When a phone is rotated and the orientation switches, the viewport resizes. Because of the ever changing screen widths, it’s important for your layouts to be fluid. When I first got my Nexus, I was worried the wider screen width would lead to odd layout challenges (images aren’t as easy to make fluid) but setting the scale and zoom to 1.0 makes the images appear the same size on all devices.

Here is where it gets really get confusing, though. On a Nexus (or Droid, for that matter), an image that is 300px wide will span the entire width of the screen. The result is a 300px image filling a space with considerably more pixels and you get a nasty upsampling effect (for lack of a better term). My layouts were rectified but my images on the high density screens just didn’t look good.

Luckily, the webkit image sizing engine came to the rescue. In the past (and on desktop browsers), if you rendered an image on-page smaller than it’s native size you’d see be able to tell. Images would get pixelated during downsampling. Not so on mobile devices. So for post images, for example, I call up a slightly larger image than I need and then downsize it right in-page (just using the width and height properties on the img tag). On the high resolution devices the result is a super crisp and properly sized image. I try to use this effect minimally though, on a page that lists a bunch of post thumbnails I just display an actual thumbnail at native size (the negative effect is less obvious on smaller images).

I’m sure calling up slightly larger images (less than 200px larger) will increase load times a tiny bit but I couldn’t live with launching a fresh new mobile site and having muddled images on the high res devices. And with ever-increasing network speeds I hope in the future it becomes even less of an issue.

Now we build

That’s basically it. Once you’ve got your conditional check in place and your viewport settings correct you can start the process of rebuilding all your templates on a mobile scale. Like I said, I put all my mobile templates within a single folder, /mobile. In the folder I’ve got any and all the files I need to make the mobile site tick (templates, images, scripts, etc).

To make a mobile page template (or archive template, for that matter), you simply open your current template and add the conditional at the top. Since a mobile layout tends to be much simpler, you can even cheat and use one mobile template to cover many desktop templates (on the mobile site I’ve got a single archive.php template that covers all my categories, tags, authors, etc, which I found much easier than creating a new template for each).

The thing to stress here is this isn’t some magical fix. We aren’t just changing a width here and there and calling it a mobile site. This is a ground-up rebuild that is creating new templates for mobile use. It’s a labor-intensive process but the result is more than worth it.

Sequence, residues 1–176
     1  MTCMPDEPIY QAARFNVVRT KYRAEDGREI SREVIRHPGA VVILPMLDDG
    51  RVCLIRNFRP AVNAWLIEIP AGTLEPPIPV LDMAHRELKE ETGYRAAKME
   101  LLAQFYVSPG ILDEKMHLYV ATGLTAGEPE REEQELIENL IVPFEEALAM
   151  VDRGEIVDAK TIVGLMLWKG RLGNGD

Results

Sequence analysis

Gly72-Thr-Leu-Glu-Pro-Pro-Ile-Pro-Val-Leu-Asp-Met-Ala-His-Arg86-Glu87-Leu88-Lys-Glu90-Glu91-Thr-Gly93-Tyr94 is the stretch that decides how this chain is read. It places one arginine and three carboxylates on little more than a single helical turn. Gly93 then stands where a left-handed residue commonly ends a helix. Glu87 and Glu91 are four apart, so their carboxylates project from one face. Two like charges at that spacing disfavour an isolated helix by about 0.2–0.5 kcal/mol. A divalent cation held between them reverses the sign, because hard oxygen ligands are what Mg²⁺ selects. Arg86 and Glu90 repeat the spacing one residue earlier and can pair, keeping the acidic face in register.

Bonus points

Along with making your layouts mobile-ready, there are numerous other tweaks you can make to enhance your mobile presence. In the header you can add a link to an apple-touch-icon (which will also be recognized by Android). When a user bookmarks the site and adds the link to the home screen, he will be presented with your custom icon.

<link rel="apple-touch-icon-precomposed" href="<?php bloginfo('template_url') ?>/mobile/images/home_icon.png" />

Setting an icon lets your site have a very specific and branded look on a user’s home screen. Icon are usually sized at 48×48 but again you can use a large image for a crisper result. Even Google does this, some of their icons are 57×57.

Another good practice is using minimal javascript touches to add native-looking functionality to your site. On the Android and Me mobile site I built a small menu that slides in and presents the user with navigation options (search, categories, etc). I’ve also done things like not display the comments by default, waiting to reveal them only when the user wants to see them.

The webkit engine also supports some new CSS properties I wasn’t accustomed to using at a production level. CSS3 makes it possible to generate drop shadows and gradients on the fly (whereas in the past you might have needed an image). Adding gradients is pretty easy and there are even online generators to make it even simpler. Using the new CSS properties at your disposal allows you to create a quicker loading and more dynamic layout (code changes are always easier than image changes).

So what’s next?

In addition to layout changes, there are some pieces of content that just don’t need to be displayed the same on the desktop and mobile site. One example are YouTube embeds. On the mobile site it displays a very large object that hangs way outside the viewport. To remedy the situation I’ve created a custom, mobile-aware shortcode. This allows our authors to add something like and the site will automatically spit out a full YouTube embed on the desktop site and a neatly formatted link to the video on the mobile site. I’ve also done the same with market downloads. On the desktop site you get a QR for scanning, on the mobile site you get a link for clicking.

I’ll be taking a look at WordPress shortcodes in a future article but I wanted to check with you guys to see if there are any mobile-specific questions you want discussed in a future tutorial. Anything you see on the current site you want explained? See something I’m doing that could be improved? Let me know!

PS: I’ll be speaking tonite at the Austin Android Users Group meetup. If you are in Austin and interested in Android, come on by!

Clark is a developer living in Austin, Texas. He runs ClarkLab, a small web firm with his wife, Angie. He's a big fan of usability, standards, and clean design.